“Our democratic values are being eroded by our expectation that large events can be disrupted,” Bajc said. “What kind of society are we becoming without spontaneous social interaction and bonding with strangers? Without democratic access to space? Security doesn’t lend itself to these values.”
In that light, library bomb threats look like theft—a few bigots barricading spaces that belong to everyone.
I’ve been thinking a lot this summer about the loss of public spaces. Some of that’s due to reading (and hooting and hollering about) Silvia Federici’s Caliban and the Witch, a book that argues that the medieval land privatization that helped shift Europe’s economy from feudalism to capitalism also had the effect of forcing women off the community land they’d historically worked and into the newly solidifying domestic sphere. Walled off from long-held resources and strategically shunned from much of the age’s emerging field of wage-work, women were pressured out of the public and into the home, where they were expected to perform the unpaid domestic labor that undergirds the capitalist economy.
This shift, Federici argues, was not a passive, peaceful evolution in gender roles, but was enforced by the era’s own societal shock troops: the witch-hunters who deployed unsettlingly familiar moral panics about supposed Satanism and sexual degeneracy. Like so many modern anti-LGBTQ panics, the witch-hunters could also mask their agenda in think-of-the-children scare-mongering. Just as homophobes smear queer literature as wrongfully incorporating children into some distasteful and undifferentiated morass of Gay, witch-hunters also envisioned sorceresses melting down children and putting them to use for evil ends (somewhat more literally, via using children as ingredients in potions).
I ran into a more obvious enclosure earlier this summer when I visited the Elmhurst, Queens library, which was hosting the latest installment of a popular, long-running drag story hour. When I arrived at the library to report on the event, I found it surrounded by police barricades and more than a dozen NYPD officers, who were there in response to protests by a violently anti-LGBT group.
The anti-LGBT side was tiny compared to the day’s counter-demonstration of drag defenders—local volunteers who shielded library patrons with a protective wall of rainbow umbrellas. But as I watched families navigate the perimeter of metal police barricades, it was clear the anti-drag faction had achieved at least some of its aims. They, a small minority, had introduced hostility and barricades to a place that prioritized openness.
The event’s bright spots for me were the drag defenders, whose wall of umbrellas offered privacy for library patrons. Children and parents walked into the library behind that rainbow barricade. They were children who wanted all the freedoms libraries offer, protected by adults who remembered a more hostile world and refused to go back.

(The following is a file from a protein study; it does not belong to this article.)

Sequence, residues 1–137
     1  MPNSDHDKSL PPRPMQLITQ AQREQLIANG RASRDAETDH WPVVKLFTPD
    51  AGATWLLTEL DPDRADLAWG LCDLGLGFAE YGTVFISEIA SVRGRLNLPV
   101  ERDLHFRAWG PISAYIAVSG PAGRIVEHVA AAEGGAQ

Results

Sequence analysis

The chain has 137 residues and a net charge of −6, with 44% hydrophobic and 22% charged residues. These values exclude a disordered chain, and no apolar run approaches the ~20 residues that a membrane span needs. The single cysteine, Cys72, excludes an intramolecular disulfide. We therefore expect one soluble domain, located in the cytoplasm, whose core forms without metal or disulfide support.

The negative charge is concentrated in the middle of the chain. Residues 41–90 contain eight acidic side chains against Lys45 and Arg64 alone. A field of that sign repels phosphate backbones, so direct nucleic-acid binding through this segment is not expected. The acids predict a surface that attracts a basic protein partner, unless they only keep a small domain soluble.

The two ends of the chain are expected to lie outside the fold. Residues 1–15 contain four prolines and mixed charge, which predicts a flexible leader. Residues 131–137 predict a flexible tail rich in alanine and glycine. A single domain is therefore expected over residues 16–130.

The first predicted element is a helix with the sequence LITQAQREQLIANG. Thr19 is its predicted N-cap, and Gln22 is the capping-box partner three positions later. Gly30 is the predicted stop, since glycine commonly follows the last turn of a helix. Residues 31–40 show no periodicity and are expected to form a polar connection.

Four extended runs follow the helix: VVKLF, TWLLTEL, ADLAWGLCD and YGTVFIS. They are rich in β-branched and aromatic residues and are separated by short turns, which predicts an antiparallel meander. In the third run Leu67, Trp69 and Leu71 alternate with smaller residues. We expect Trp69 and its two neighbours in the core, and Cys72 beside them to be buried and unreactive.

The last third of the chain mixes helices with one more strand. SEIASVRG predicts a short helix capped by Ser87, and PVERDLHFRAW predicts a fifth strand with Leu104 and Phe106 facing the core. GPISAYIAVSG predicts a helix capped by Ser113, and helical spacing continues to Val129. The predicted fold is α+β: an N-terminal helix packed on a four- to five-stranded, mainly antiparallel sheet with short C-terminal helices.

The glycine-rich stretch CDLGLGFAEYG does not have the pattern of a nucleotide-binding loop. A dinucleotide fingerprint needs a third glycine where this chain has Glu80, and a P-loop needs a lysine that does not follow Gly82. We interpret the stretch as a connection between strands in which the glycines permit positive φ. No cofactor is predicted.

I’m writing from Boston, which I’m visiting with my playground-age children. This is huge for me because it means I have a plausible excuse to go down Boston’s infamous Cop Slide. Will it be normal for me? Will I get a concussion? This newsletter has been scheduled for publication in advance of my Slide Adventure, so I cannot leave you with any easy answers.
In the meantime, here are some Mom Links:
-Deep-red counties in Texas (which has already effectively banned abortion) are creating ordinances that make it illegal to use their roads to drive someone for an out-of-state abortion, the Washington Post reports. (Spotlighted in the article is Llano, Texas, where some officials have discussed shutting down the library over LGBTQ+ books.) This broadside on women’s privacy and our right to travel comes as Alabama’s attorney general argues that he has the right to prosecute people who help Alabama women travel for abortions outside the state.
-It’s back to school and the laws are newly shittier. NBC News reports that more than 30 new LGBTQ+ education laws are in effect as students head back to class.
-With student debt payments set to resume, the Guardian has an important look at how the payments stand to hammer U.S. parents. “It’s a matter of whether we’re going to put food on our tables or whether we’re going to make our monthly loan payment that we can’t afford,” one young mother said.
-Conservative youth organization Turning Point USA is on a crusade to talk young women and girls out of college and into being tradwives. Media Matters has been following these developments, which are just as insidious as they are brain-meltingly stupid.
That’s it for this week! If you liked this installment of MomLeft (a new newsletter for moms on the left), please consider subscribing and/or passing it along to a friend!